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NHibernate 3 Beginner's Guide

NHibernate 3 Beginner's Guide

NHibernate is a framework that allows us to talk to a relational database in an object-oriented way. We can store (or as we also often say, “persist”) objects in a database and load those objects from the database later on. NHibernate “auto-magically” translates our object-based language to a language that the database understands. That is, NHibernate generates the necessary SQL statements for us to insert, update, delete, and load data.

the database schema is a description of the structure of the database, and as such, describes how the data is organized inside the database and is divided into database tables. The schema also contains specifications about the type of data that can be stored, the relations of the database tables among each other, and the access strategies selected when accessing the data. In a relational database, a schema defines tables, fields or columns, relationships, indexes, constraints, views, and stored procedures, among others.

Chapter 1: First Look
What is NHibernate
What is new in NHibernate 3.0
Why would I use it
Where do I get it
Is there documentation available
Can I get help using NHibernate
Is there commercial support available
Who uses it
Chapter 2: A First Complete Sample
Prepare our development environment
Defining a model
Time for action – Creating the product inventory model
Mapping our model
Time for action – Creating the mapping classes
Creating the database schema
Time for action – Creating the database
Creating a session factory
Time for action – Creating a session factory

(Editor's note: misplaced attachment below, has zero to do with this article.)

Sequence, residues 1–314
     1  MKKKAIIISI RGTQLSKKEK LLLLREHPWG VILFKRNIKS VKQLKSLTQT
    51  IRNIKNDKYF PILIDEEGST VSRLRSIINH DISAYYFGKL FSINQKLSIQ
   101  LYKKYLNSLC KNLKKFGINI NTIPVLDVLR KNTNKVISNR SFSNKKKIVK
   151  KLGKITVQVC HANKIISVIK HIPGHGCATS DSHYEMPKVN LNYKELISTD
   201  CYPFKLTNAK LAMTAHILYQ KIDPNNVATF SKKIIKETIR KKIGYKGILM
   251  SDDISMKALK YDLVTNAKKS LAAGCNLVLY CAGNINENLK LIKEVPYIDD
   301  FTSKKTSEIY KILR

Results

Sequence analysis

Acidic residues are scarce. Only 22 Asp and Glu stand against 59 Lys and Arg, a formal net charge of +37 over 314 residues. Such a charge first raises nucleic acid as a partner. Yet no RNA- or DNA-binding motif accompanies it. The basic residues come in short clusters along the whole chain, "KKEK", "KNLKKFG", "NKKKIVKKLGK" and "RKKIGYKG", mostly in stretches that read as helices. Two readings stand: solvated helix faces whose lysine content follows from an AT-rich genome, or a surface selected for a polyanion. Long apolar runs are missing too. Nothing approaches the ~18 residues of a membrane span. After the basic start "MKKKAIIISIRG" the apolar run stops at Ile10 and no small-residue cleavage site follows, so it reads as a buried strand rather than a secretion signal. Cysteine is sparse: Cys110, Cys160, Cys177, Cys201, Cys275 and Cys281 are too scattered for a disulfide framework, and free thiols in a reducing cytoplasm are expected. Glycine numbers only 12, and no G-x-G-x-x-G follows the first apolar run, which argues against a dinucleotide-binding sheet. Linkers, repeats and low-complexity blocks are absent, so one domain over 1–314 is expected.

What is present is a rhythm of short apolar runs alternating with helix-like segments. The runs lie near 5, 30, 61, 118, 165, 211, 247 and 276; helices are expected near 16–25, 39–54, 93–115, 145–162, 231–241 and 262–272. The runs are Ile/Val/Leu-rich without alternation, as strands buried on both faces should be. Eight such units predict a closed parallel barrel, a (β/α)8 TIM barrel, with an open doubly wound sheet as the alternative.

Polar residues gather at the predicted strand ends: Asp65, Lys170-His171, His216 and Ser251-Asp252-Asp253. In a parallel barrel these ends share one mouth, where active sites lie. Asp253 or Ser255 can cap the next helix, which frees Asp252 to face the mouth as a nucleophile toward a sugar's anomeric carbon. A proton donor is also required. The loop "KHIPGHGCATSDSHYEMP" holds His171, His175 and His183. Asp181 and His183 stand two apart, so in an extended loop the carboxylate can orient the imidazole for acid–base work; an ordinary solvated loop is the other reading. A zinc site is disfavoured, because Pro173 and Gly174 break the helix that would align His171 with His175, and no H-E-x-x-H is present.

Opening a session
Time for action – Opening a session to the database
Persisting objects to the database
Time for action – Adding a new category to the database
Reading from the database
Time for action – Loading the list of all categories from the database
Doing the same without NHibernate – using ADO.NET only
Chapter 3: Creating a Model
What is a model
Model first versus data first
Elements of a model
Value object
Time for action – Creating a Name value object
Creating an entity
Time for action – Creating a base entity
Time for action – Creating a Customer entity
Defining relations between entities
Owns or contains
The order entry model
Time for action – Implementing an order entry model
Chapter 4: Defining the Database Schema
What is a database schema
Who owns the database
Time for action – Creating the OrderingSystem database
Laying the foundation – table layouts
Time for action – Creating the Categories table
Time for action – Defining a script to create the Products table
Table columns
Data types of table columns
Relations, constraints, and indices
Time for action – Adding a constraint to the Product table
Time for action – Creating a script to add a check constraint
Time for action – Adding an index using the designer
Time for action – Creating a script to add an index
Normal form
Putting it all together
Time for action – Creating a schema for the order entry system
Do not use database-generated IDs
What about stored procedures and triggers
Chapter 5: Mapping the Model to the Database
What is mapping?
Types of mapping
XML-based mapping
Attribute-based mapping
Fluent mapping
Mapping by convention
A word about lazy loading
Loading data on demand
Virtual properties and methods
Creating database schema creation scripts
Fluent mapping
Expression trees – please explain
Getting started
Entity level settings
ID columns
Mapping many-to-many relations
Mapping value objects
Time for action – Mapping our domain
Use mapping conventions
ID conventions
Property conventions
Foreign key conventions
No mapping; is that possible?
Auto-mapping with Fluent NHibernate
Time for action – Using auto-mapping
Using ConfORM
Time for action – Using ConfORM to map our domain
XML mapping
Getting started
ID columns
One-to-many relations
Many-to-many relations
Mapping value objects
Time for action – Mapping a simple domain using XML